Mars Helicopter attached to Perseverance Rover ahead of launch

As the launch date for NASA’s mission to Mars approaches, the final touches are being added to the Perseverance rover and the Mars Helicopter which will explore the planet. Now, the helicopter has been attached to the belly of the rover where it will stay protected during the landing.

The Mars Helicopter, visible in the lower center of the image, was attached to the belly of NASA’s Perseverance rover at Kennedy Space Center on April 6, 2020. NASA/JPL-Caltech

The Mars Helicopter recently went through one of its final stages of testing, in which its blades were spun at a low speed of 50 revolutions per minute. Once it arrives on Mars, the helicopter will spin its blades at a massive 2,500 revolutions per minute to lift it into the planet’s thin atmosphere, where hopefully it can be used for gathering mapping data and locating research sites.

The tiny helicopter will be the first-ever heavier-than-air vehicle to fly on another planet, and it will act as a test for future planning. The helicopter won’t be performing any essential science functions for this mission, as the engineers just want to test whether the concept is feasible. If it works, future missions could have helicopters carrying scientific payloads that can access areas that are difficult or impossible to reach by rover.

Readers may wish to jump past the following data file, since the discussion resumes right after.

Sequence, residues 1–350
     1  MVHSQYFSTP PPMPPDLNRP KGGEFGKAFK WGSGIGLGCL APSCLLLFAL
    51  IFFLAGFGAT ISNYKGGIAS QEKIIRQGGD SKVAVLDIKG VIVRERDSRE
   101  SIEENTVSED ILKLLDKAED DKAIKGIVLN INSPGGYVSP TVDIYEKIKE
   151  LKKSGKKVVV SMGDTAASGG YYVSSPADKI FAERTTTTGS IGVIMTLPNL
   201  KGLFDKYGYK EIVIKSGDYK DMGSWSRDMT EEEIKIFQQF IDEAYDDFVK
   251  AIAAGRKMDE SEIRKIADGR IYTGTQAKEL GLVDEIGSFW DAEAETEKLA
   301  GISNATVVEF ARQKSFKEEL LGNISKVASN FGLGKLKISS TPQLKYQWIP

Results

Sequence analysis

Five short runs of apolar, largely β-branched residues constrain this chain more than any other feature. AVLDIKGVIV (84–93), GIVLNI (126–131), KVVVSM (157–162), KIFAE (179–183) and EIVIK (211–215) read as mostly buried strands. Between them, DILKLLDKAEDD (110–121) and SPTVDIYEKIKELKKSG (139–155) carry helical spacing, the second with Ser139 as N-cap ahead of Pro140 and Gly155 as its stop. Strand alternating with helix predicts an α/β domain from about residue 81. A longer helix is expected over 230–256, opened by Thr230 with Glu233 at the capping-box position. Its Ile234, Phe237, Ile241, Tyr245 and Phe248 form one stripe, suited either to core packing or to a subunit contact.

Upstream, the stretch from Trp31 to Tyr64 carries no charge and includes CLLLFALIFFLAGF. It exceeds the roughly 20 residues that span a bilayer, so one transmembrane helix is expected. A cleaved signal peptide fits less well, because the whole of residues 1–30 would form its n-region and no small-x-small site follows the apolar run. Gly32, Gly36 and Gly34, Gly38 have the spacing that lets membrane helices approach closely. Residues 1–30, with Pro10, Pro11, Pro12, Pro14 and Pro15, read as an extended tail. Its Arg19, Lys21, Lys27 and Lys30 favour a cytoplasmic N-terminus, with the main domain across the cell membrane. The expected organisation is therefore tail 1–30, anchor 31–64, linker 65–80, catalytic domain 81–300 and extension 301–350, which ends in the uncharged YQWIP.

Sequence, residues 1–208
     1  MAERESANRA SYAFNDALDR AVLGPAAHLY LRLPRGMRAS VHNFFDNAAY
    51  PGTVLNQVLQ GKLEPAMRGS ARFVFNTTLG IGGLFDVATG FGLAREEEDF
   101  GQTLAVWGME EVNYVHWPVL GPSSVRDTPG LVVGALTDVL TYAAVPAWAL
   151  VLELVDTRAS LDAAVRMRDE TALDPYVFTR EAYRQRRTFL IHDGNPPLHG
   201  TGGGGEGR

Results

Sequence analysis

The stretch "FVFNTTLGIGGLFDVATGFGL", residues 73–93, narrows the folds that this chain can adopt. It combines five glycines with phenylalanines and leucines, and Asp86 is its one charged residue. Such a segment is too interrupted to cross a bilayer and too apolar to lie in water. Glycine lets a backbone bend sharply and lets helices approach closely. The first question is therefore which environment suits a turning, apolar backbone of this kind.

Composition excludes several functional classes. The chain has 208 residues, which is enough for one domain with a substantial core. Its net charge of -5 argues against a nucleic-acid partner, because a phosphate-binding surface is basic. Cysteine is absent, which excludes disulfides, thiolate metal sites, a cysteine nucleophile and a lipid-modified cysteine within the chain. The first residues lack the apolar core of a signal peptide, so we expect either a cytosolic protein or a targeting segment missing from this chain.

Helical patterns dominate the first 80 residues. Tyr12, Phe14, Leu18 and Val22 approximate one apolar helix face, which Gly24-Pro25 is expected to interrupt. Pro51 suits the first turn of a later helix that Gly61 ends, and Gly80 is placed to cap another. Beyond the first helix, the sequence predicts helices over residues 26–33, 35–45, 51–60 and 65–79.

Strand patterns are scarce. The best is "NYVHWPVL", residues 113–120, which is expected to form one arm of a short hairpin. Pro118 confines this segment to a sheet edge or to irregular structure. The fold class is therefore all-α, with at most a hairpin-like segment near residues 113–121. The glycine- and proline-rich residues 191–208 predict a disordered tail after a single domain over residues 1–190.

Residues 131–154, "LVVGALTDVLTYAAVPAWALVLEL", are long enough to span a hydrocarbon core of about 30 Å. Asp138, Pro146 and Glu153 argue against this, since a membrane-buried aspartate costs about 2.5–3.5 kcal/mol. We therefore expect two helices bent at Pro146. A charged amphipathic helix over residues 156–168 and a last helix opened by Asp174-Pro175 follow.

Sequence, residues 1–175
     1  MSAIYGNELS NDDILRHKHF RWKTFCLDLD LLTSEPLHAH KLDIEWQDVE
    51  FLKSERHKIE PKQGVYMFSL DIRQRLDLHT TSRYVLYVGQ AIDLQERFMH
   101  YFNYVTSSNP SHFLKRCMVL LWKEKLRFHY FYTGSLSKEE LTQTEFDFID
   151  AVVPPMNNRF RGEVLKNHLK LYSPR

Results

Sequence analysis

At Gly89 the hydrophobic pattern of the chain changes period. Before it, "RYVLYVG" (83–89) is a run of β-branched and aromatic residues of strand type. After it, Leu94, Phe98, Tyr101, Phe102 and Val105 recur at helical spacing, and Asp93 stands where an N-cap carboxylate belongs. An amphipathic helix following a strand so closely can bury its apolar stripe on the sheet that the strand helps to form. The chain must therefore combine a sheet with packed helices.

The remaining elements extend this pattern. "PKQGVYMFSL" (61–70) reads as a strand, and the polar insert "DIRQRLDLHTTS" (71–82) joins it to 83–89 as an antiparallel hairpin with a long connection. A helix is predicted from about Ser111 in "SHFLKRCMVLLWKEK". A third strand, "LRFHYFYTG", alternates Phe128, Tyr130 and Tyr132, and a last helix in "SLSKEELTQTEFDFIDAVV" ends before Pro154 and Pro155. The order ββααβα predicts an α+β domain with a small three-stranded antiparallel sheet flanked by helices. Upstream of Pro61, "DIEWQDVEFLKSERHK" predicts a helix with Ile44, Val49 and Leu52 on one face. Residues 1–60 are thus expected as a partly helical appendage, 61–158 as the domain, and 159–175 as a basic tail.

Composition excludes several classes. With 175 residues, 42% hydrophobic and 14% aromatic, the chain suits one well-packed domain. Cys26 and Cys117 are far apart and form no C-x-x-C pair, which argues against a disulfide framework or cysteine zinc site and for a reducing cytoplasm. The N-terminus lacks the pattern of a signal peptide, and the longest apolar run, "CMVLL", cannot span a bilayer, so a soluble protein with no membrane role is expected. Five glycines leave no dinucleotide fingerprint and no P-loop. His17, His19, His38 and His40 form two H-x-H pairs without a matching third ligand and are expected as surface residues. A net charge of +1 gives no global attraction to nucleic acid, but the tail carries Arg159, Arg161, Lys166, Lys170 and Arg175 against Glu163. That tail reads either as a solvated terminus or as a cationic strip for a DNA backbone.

The Mars Helicopter and its Mars Helicopter Delivery System were attached to the Perseverance Mars rover at Kennedy Space Center on April 6, 2020. The helicopter will be deployed about two-and-a-half months after Perseverance lands. NASA/JPL-Caltech

The descent stage, or sky crane, which will help slow the rover’s descent so it can achieve a “soft landing” wheels-down on Mars, has also been fueled with 884 pounds of hydrazine monopropellant added to its four fuel tanks.

“The last hundred days before any Mars launch is chock-full of significant milestones,” David Gruel, the Mars 2020 assembly, test and launch operations manager at NASA’s Jet Propulsion Lab, said in a statement. “Fueling the descent stage is a big step. While we will continue to test and evaluate its performance as we move forward with launch preparations, it is now ready to fulfill its mission of placing Perseverance on the surface on Mars.”

The launch window for the Mars 2020 mission is set to run from July to August this year.

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